Using the Web is becoming second nature. Here are some ideas of how to market your website or promote your library or event.
There are millions of blogs on the Web— an exact number is the subject of great debate. However, their ability to give instant news updates has driven them to become mainstays of many news organizations; in fact, many bloggers are now credible pundits. Consider posting an announcement to community blogs created for neighborhoods, cities and states. They are a good way to get word out about events/votes/etc. So which blogs should you pay attention to? Good question. Start scanning and then building a list of websites and blogs related to libraries if you haven’t already. If you want to try to pitch the discussions or blogs that are part of these sites, sign up or volunteer as an editor for them. Talk to your friends about specific blogs you know of and ask for contact information. You may want to start a library blog.
Direct Email to Supporters
Direct email is used more and more for outreach … you can acquire lists by buying them (usually voter lists or from other organizations). You can also micro-target populations, too. This would include likely voters, those with a high propensity of library users, etc. For your direct email piece, do the following:
- Pay special attention to crafting subject lines so that even if a recipient doesn’t open it, he or she still gets a mini-message just by seeing the subject line (i.e. Vote to Keep Your Library Open or Today is Election Day or Help Fund Your Local Library).
- Keep your messages short – 4 or 5 sentences.
- Consider who should send out the email. Use prominent community members or special advocates such “Friends of the Library” organizations.
- Include a URL in message.
- Coordinate the email with other aspects of campaign, e.g. direct mail, newspaper ads.
- For larger scale campaigns that have funding, consider placing paid or sponsorship banner ads on newspaper or other websites.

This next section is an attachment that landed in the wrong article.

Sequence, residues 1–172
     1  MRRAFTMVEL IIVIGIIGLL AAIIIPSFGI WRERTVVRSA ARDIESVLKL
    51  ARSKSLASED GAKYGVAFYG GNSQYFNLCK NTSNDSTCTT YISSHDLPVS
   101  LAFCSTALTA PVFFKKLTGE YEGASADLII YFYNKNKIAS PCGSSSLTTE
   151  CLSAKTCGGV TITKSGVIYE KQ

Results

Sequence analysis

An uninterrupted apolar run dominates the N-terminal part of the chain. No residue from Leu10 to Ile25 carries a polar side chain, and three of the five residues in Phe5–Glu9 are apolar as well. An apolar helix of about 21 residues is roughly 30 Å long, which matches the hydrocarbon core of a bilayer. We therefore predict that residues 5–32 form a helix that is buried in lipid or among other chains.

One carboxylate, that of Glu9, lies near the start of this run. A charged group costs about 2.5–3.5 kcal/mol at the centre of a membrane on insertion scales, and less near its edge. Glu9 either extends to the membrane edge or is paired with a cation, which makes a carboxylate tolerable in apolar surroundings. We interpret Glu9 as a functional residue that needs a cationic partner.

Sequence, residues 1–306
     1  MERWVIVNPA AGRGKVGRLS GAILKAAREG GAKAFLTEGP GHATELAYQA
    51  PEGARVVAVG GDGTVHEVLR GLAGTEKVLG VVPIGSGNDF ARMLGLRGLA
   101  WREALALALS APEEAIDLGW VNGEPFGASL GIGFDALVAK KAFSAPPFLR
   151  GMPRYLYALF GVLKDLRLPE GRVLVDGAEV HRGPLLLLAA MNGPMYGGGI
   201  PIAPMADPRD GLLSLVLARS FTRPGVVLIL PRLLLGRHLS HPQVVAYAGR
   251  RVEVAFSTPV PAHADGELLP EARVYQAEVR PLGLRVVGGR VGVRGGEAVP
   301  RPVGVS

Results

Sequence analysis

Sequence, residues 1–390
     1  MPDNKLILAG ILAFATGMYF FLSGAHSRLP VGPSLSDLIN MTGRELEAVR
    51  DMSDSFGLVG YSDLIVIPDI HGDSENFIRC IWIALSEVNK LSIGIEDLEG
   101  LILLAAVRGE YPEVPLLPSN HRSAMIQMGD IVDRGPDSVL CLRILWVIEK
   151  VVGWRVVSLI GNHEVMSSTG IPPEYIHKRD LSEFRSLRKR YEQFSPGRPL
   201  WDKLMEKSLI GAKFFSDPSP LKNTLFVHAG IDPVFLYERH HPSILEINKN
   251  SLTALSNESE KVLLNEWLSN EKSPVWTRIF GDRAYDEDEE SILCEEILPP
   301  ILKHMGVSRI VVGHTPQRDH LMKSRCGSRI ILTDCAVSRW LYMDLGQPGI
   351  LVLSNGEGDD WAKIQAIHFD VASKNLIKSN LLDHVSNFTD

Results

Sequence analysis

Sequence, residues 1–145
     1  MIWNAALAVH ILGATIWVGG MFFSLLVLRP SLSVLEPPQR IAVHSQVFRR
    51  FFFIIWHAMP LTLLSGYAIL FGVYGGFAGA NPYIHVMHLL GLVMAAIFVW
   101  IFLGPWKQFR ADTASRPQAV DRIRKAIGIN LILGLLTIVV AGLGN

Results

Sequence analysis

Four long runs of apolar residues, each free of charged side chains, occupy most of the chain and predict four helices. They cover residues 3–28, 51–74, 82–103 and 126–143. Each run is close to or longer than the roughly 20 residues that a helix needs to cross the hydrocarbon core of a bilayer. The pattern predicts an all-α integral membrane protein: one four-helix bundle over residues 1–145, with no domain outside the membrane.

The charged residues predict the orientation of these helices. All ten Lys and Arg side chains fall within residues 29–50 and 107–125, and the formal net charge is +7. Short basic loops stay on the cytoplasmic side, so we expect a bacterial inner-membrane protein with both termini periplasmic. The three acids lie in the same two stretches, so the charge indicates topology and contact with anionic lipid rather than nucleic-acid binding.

Electronic Discussion Lists
Electronic discussion lists are voluntary networks where individuals sign up to receive email messages submitted by other electronic discussion list members or owners. Electronic discussion lists are slower than chatrooms and rather than happening very quickly on a Web page, messages arrive via email. Some electronic discussion lists are moderated, so only the moderator or approved messages can be posted. Other electronic discussion lists are a free-for-all, with all members able to post messages at will. Electronic discussion lists are very common for clubs or member organizations. They can be an effective way for a large group of people who share similar interests to have a discussion.
Managing social media strategy within your organization
When your organization is mentioned online, whether it's a responding to criticism, thanking someone for a positive comment, or an opportunity to be a part of a conversation that relates directly to your organization's concerns, there's a relatively short time to respond effectively. In addition to monitoring your library’s presence on its own social media sites, you should monitor the Internet for mentions of your organization's name, the names of key leaders of your organization and mentions of your individual campaigns and events. By monitoring keywords (and/or hashtags on Twitter) for topics related to your organization or campaign, you can also identify the online community that shares your concerns and build new relationships.
There are a variety of fee-based monitoring and engagement services available, but organizations without a budget for these tools can use a variety of free and low-cost services to track and stay notified about online communications that relate to their work and brand. In a webinar hosted by Techsoup in 2010, Amy Sample Ward and Allen Gunn give instructions for creating a social media dashboard using a combination of search strategies combined with RSS feeds and other online tools.